Greg Hudson <ghudson@MIT.EDU> writes:
> On Sat, 2005-04-23 at 09:01, Philip Martin wrote:
>> > Third, when a file is copied (not renamed), the original doesn't stop
>> > being modified. It wouldn't make sense to propagate some of the
>> > modifications (the ones that happened prior to the merge that involved
>> > the copy operation, for instance). But we'd only get copyfrom
>> > information in the one merge which encompasses the copy.
>> Sure, you will sometimes get additional conflicts, but they are not
>> hard to fix.
> I'm not sure you're responding to my point directly here. I'm saying
> that under your proposal, it would be easy to merge changes from the
> original of a file to a copy on a first merge, but difficult to continue
> doing so on subsequent merges because we wouldn't be able to simply use
> copyfrom information to know when to propagate changes.
Perhaps I did get a bit sidetracked, I started by asking why so many
people wanted "atomic rename" and I think it's because they want local
modifications in a working copy to get moved when an update moves the
modified file. At present update causes such modifications to become
unversioned. Fixing that problem doesn't require "atomic rename", it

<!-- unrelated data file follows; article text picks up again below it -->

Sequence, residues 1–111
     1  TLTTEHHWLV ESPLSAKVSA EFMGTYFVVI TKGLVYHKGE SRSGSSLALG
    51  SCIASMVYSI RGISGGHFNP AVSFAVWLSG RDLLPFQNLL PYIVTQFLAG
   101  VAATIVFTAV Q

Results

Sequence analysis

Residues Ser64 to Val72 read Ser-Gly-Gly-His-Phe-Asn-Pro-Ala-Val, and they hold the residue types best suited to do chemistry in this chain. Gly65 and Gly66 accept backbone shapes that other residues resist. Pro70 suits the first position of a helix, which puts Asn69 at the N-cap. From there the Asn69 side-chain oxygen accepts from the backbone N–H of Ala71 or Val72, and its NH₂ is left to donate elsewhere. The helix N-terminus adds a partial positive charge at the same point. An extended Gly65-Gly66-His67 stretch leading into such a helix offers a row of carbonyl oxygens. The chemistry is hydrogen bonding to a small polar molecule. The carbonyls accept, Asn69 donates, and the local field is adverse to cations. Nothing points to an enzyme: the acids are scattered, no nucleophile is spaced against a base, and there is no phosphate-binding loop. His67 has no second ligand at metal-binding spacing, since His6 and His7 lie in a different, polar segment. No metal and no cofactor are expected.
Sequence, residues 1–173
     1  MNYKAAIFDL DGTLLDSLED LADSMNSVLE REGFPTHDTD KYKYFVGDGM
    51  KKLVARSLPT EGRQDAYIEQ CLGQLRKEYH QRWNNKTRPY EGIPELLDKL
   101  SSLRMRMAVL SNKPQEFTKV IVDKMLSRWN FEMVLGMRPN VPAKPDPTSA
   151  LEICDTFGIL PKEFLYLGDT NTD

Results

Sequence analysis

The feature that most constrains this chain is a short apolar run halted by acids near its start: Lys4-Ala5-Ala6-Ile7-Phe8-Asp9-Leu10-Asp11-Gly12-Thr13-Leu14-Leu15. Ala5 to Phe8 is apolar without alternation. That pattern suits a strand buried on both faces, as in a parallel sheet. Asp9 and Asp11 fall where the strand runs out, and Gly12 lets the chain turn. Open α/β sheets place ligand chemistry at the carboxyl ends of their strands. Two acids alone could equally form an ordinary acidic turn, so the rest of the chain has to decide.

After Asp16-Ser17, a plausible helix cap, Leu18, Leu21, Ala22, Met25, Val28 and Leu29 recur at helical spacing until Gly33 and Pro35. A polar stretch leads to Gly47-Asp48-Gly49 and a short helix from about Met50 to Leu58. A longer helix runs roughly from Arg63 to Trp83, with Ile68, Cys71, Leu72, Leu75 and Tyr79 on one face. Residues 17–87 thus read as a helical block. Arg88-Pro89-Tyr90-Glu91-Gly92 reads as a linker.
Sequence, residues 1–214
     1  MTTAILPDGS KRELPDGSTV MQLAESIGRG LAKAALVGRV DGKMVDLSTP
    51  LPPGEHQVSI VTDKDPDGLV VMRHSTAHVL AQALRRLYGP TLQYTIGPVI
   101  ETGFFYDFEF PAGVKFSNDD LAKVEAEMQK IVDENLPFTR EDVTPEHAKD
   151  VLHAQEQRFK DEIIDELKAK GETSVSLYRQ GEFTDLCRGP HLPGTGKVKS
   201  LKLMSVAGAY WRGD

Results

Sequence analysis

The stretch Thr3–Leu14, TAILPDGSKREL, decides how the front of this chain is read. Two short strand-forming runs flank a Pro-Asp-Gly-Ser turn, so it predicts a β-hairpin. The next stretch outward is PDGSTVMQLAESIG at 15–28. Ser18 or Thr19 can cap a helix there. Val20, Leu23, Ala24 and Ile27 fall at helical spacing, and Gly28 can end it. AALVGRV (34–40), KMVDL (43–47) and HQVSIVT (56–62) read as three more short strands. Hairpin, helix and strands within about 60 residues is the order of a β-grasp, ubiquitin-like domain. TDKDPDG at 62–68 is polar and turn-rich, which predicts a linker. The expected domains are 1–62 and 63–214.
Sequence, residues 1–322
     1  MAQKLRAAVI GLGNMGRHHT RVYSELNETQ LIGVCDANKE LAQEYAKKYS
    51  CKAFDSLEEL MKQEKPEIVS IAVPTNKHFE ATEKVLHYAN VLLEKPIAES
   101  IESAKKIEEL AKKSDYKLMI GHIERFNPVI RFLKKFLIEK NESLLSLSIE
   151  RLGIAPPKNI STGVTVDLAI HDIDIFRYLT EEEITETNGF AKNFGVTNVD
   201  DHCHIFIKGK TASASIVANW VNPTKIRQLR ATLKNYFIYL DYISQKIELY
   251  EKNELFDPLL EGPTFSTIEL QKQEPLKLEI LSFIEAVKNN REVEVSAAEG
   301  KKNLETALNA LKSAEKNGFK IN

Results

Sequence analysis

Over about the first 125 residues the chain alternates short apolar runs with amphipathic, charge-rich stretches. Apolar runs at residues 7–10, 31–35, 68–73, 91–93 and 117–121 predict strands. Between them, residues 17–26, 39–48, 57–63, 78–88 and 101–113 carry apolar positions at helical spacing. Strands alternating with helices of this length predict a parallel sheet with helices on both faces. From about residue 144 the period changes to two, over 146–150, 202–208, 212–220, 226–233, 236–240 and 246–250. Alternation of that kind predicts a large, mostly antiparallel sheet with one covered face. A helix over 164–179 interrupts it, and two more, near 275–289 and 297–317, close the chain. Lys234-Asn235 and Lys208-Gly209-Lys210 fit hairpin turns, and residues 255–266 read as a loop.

could be done by having the local modifications copied from the
modified file to the new file when a new file gets added with copyfrom
history. I thought you were claiming that such an update scheme would
not work. I wasn't really discussing merge tracking.
>> Obviously there are scenarios for and against having local mods follow
> Let me give an example of how it might hurt the Subversion project.
> Most of the files in libsvn_fs_fs are derived (with copyfrom
> information) from BDB back end files. The actual situation is
> complicated, but let's say they were simply copies of the BDB files.
> Under your proposal as I understand it, every time we merged a change
> from the trunk to a release branch, changes made on the trunk to the BDB
> files would be auto-merged into the FSFS files. We would have to notice
> this and revert the changes before committing the merge.
I wasn't suggesting that, at least I didn't intend to suggest that,
I'm not sure I even understand it.
What I would suggest is that if merge causes a locally modified file
to get copied, i.e. the merge adds a file with a copyfrom history that
can be interpreted as a locally modified file, then that local
modification could get applied to the newly added file. That's a one
off, subsequent merges won't add the file again as it already exists,
so no further copying of local modifications would occur. I don't
know how useful such merge behaviour would be, in the case where the
merge also deletes the locally modified file then it's might well be a
good thing as it would avoid the problem of the local modifications
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Received on Sat Apr 23 19:20:58 2005